NATO called for international observers to be sent to Ukraine and for Russia to pull back its forces, after urgent talks in Brussels.
The 28-nation alliance sought talks with Moscow as its head Anders Fogh Rasmussen warned Russia its troop movement “threatens peace and security in Europe”.
Germany offered a rare glimmer of hope, saying Putin had agreed in a telephone conversation with Chancellor Angela Merkel to set up a contact group on Ukraine, enabling the opening of a political dialogue.
Washington and its Western allies meanwhile pulled out of preparatory meetings for the June G8 summit in the Russian Black Sea resort of Sochi.
Kerry went one step further, warning Putin that “he is not going have a Sochi G8, he may not even remain in the G8 if this continues”.
Sochi hosted last month’s $51-billion Winter Olympic Games extravaganza that along with the football World Cup in 2018 are meant to highlight Russia’s return to prosperity and global influence under Putin’s rule.
Russia was admitted to the G8 in 1998 in recognition of its democratic reforms — a spot the Kremlin views as recognition of its post-Soviet might.
‘Candid’ Obama-Putin exchange
Events have moved rapidly since a three-month crisis in culturally splintered Ukraine — long fought over by Moscow and the West — sparked by pro-Kremlin president Viktor Yanukovych’s decision to spurn a historic pact with the European Union in favour of closer ties with Russia.
It culminated in a week of carnage last month that claimed nearly 100 lives and led to Yanukovych’s ouster.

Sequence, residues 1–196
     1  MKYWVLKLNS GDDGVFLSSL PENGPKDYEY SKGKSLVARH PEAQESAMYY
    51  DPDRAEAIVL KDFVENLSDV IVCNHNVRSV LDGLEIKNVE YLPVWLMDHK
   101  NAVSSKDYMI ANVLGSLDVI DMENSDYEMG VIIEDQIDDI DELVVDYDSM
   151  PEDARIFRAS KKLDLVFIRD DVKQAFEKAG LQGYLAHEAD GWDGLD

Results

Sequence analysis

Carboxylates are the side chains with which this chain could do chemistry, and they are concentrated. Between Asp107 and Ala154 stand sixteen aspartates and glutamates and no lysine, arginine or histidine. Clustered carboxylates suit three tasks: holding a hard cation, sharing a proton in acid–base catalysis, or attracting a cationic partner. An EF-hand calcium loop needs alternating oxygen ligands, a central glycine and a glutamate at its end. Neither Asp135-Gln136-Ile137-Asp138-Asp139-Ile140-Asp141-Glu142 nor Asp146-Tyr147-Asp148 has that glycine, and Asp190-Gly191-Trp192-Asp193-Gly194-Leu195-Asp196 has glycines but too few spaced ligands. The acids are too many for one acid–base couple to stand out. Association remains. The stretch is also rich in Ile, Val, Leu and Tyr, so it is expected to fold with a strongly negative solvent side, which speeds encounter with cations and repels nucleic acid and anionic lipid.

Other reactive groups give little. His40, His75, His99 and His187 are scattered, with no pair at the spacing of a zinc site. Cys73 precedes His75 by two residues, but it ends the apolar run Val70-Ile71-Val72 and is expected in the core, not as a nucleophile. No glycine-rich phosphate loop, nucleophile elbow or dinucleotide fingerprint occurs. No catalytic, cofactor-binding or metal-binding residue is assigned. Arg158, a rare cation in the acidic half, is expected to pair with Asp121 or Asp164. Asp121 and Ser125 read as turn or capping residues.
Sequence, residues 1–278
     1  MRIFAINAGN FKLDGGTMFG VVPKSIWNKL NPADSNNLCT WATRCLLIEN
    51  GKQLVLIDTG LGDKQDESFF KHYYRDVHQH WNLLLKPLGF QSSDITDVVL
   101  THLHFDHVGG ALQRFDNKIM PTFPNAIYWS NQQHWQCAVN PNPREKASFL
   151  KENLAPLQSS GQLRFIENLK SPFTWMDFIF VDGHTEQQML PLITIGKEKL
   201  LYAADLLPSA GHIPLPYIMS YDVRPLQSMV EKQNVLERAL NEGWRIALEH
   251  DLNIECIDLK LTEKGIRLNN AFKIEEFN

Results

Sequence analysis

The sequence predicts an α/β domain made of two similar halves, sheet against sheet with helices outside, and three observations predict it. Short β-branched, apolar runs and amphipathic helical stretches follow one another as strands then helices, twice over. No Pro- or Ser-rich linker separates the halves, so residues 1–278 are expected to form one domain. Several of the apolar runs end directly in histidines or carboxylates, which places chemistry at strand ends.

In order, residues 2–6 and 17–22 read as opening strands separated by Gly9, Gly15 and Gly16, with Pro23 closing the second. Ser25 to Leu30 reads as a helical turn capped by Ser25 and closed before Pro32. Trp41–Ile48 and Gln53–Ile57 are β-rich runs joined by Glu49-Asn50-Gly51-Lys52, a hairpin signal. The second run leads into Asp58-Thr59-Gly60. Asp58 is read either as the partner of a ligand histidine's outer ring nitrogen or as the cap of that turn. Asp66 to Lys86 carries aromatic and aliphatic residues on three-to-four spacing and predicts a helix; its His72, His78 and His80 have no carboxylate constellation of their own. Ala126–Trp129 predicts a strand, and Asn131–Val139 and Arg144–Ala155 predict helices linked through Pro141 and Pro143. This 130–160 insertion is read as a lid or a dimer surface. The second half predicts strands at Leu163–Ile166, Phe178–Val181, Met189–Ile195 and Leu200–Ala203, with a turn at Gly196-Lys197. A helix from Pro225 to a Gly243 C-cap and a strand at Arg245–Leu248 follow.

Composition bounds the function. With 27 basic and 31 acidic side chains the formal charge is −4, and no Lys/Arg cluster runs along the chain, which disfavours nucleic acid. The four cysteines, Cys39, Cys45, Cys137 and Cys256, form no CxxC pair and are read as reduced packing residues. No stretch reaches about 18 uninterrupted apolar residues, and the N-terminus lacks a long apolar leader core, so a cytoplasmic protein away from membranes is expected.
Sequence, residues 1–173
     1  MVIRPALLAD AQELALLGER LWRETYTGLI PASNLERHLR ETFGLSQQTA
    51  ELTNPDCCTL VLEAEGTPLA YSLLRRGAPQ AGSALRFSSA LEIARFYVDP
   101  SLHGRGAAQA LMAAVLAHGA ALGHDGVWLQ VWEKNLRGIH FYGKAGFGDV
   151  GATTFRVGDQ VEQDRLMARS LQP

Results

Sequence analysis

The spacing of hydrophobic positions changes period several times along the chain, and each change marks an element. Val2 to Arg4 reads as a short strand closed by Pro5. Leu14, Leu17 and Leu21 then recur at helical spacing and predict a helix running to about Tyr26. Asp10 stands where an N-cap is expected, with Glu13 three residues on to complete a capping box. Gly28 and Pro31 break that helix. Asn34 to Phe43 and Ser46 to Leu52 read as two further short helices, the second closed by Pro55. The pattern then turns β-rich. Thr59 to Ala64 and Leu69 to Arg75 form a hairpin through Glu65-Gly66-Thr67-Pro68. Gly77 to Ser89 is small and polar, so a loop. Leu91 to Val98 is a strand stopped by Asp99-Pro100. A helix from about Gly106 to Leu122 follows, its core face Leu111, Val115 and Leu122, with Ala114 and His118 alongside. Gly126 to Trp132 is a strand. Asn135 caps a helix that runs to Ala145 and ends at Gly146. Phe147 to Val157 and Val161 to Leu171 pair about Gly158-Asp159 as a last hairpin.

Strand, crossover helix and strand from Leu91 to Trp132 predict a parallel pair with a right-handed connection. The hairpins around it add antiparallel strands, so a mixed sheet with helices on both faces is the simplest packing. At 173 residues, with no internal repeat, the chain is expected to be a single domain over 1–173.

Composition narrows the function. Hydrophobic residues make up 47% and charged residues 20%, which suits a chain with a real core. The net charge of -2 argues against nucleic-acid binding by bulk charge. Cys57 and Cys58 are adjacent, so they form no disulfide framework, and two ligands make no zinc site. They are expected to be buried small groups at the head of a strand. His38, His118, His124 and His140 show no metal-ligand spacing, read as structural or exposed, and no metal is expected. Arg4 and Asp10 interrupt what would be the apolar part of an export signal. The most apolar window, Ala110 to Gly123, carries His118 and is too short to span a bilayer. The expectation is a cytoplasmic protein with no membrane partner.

The Kremlin appeared stunned by the loss of its ally and Kiev’s subsequent vow to seek EU membership — a decision that would shatter Putin’s dream of reassembling a powerful economic and military post-Soviet bloc.
The White House said Obama told Putin in a “candid and direct” exchange his actions in Crimea were a “breach of international law”.
The Kremlin’s account of Putin’s conversation with Obama was equally blunt. It said Putin told the US leader Russia “reserves the right to protect its interests and those of the Russian-speaking population” if violence in Ukraine spread.
Analysts called Ukraine the most serious crisis to test the West’s relations with Moscow since the 1991 breakup of the USSR.
“The damage to Russia’s relations with the West will be deep and lasting, far worse than after the Russian-Georgian war,” Eugene Rumer and Andrew Weiss of the Carnegie Endowment for International Peace wrote in a report.
‘We will not surrender’
What sounded like a loud explosion was heard in Simferopol at around 11:15 pm (2115 GMT) Sunday, but the cause was not clear.
Pro-Kremlin sentiments remained strong in the city. “Crimea is Russia”, one elderly lady told Agence France-Presse in front of a statue of Soviet founder Lenin that dominates a square next to the occupied parliament building in Simferopol.
The mood in Kiev was radically different as about 50,000 people massed on Independence Square — the crucible of both the latest wave of demonstrations and the 2004 Orange Revolution that first nudged Kiev on a westward path — in protest at Putin’s latest threat.
“We will not surrender,” the huge crowd chanted under grey skies. AFP